I have heard a goodly number of people lately using the term “free trade” and “capitalism” in ways that are non sequitur to me. My hypothesis is that they have learned some specialized tribal meaning, and given the audience I believe the likely culprit to be American-style right-libertarians, who mistakenly have taken to calling themselves “anarcho-capitalists,” which is an oxymoron that I will cover in another article. So, let us analyze “free trade” and its multiple meanings.

On the surface “free trade” seems to have a clear singular meaning, but I will give you some examples of how that is not the case. Now, I am not going to use dictionary definitions, but just my own knowledge base, given that I have a BA in political science, and an MA in international relations and diplomacy, my base of knowledge will suffice for a simple analysis of this subject.

Potential meanings of “free.” There are other meanings, but they are not relevant to free trade.  

  • Without cost (e.g. free hugs)
  • Without restriction (e.g. free access)
  • Without the presence of something (e.g. antibiotic-free meat)

So, when lay people use the term “free trade” they usually mean something like “trade without barriers to access or extra costs.” However, the problem here comes from the actual use and implementation in government policy, and international relations. If you look to any American trade agreement with a foreign nation, excepting a handful of exceptions (e.g. UK, EU, etc), what these “free trade” deals do is force neoliberal domestic and international policies to the exclusive benefit of large and rich corporations. They strip workers’ rights, environmental protections, any semblance of fair or roughly equal trade terms, often are tied to loans from the IMF and World Bank, and allow the country to be punished economically for attempting to protect their workers, environment, and infrastructure (beyond transportation, electricity, and other things corporations like).

Hence, the problem in attempting to debate or discuss issues like “free trade” is two different definitions: the lay and the in-practice meaning. Given that the US has no trade agreements with nations it can “bully” or coerce that are fair, it doesn’t make any sense to use the meaning that American-style right-libertarians try to make it mean.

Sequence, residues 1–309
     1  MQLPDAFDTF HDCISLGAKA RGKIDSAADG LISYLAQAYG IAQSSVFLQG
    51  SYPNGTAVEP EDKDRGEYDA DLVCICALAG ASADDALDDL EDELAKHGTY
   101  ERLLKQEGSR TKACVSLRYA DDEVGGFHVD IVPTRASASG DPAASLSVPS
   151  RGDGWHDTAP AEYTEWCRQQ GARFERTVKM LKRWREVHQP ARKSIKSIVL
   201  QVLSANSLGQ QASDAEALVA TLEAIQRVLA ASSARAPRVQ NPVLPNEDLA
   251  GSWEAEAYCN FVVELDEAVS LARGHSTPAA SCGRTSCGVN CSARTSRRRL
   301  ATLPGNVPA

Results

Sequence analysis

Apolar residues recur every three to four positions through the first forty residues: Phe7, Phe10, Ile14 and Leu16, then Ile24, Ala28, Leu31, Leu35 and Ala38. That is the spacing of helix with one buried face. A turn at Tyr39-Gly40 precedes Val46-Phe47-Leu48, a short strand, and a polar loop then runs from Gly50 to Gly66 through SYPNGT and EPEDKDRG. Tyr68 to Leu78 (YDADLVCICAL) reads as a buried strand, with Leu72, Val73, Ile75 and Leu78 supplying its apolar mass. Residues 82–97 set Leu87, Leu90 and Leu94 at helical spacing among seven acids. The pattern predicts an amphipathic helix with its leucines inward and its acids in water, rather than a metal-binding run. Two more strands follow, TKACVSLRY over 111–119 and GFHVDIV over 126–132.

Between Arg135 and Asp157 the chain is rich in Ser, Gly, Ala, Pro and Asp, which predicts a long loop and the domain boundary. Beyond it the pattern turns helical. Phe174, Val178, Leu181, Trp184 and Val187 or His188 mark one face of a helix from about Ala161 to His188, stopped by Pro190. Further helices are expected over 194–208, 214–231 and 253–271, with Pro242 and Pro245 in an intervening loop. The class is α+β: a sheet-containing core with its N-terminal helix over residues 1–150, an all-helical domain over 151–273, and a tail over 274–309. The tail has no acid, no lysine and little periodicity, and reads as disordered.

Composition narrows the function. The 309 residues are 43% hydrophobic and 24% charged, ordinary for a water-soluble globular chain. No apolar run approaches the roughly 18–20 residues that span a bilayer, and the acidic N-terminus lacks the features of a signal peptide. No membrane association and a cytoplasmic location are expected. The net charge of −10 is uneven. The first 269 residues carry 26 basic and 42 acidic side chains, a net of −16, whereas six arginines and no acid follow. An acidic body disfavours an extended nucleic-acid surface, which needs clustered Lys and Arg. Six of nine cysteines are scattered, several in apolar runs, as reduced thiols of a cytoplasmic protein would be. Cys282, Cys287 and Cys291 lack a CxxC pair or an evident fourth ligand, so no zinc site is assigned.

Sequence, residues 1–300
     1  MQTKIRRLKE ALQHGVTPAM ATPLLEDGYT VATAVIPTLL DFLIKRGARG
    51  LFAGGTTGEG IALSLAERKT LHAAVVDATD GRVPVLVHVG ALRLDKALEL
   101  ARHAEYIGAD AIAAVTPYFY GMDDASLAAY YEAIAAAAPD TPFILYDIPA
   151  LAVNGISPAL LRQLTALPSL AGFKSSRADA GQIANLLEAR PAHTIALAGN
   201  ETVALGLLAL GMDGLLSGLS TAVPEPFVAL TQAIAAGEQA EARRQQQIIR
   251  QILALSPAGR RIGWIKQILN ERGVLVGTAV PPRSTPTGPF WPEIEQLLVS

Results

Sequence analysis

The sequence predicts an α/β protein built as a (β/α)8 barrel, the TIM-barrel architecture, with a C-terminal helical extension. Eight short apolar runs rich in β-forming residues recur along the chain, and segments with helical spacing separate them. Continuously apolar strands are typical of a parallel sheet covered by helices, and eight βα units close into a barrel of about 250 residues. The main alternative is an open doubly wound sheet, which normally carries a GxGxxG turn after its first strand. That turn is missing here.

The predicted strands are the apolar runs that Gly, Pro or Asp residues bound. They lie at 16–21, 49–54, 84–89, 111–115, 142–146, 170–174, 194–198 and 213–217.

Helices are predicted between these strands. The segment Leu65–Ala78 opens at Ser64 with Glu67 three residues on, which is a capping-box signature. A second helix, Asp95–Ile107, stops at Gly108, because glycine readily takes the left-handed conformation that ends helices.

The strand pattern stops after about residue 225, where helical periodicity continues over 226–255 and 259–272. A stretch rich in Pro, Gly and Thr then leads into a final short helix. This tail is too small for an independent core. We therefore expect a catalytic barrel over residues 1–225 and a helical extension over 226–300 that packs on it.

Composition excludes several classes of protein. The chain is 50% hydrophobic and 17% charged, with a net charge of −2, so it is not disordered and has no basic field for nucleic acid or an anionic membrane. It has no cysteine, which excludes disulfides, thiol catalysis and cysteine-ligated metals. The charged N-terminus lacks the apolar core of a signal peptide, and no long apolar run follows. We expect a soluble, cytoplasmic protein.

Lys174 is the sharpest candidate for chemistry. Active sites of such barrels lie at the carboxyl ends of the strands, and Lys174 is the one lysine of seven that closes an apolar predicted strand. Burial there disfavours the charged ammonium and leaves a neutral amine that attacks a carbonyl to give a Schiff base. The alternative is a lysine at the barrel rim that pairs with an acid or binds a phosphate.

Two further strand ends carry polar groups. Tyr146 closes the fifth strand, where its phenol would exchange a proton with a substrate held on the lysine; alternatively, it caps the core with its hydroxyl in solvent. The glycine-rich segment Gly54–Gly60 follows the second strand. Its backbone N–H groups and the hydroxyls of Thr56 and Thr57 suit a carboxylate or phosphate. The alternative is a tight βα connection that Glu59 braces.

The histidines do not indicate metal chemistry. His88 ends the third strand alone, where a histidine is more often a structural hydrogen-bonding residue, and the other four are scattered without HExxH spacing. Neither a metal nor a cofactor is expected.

In this same vein, I also have heard many of that niche also attempting to associate “free trade” in this meaning with capitalism, which is absurd. In capitalistic systems you want to have the most bargaining power, to get the best deal, and to use whatever legal means to get and keep that imbalance in power on one’s own side of the table (I presuming some kind of lawful alignment, not chaotic evil here). First, why do people who want to pretend capitalism invented trade, especially that it is somehow responsible for trade without barriers to access or additional costs? Let us go back in time a bit and look at this. Consider the Neolithic era, if one had something, they could trade it with anyone they could get to, no barriers or cost besides distance. Next, lets go to Medieval Europe, peasants didn’t have basically any rights, but they could use some portion of their time for their craft or trade, and if they wanted, they could trade or sell it. Under Mercantilism it is the same deal, and again, none of it was only under capitalism, most of it entirely informal, so why the rush to claim capitalism somehow created trade or made “markets” a thing? We had markets before, but they weren’t theoretical constructs, they were actual physical places where trade, sale, and purchasing occurred. So, sorry, but “free trade” simply does not mean what your argument suggests.

Happy to re-write this in an academic style with citations, if someone pays me to.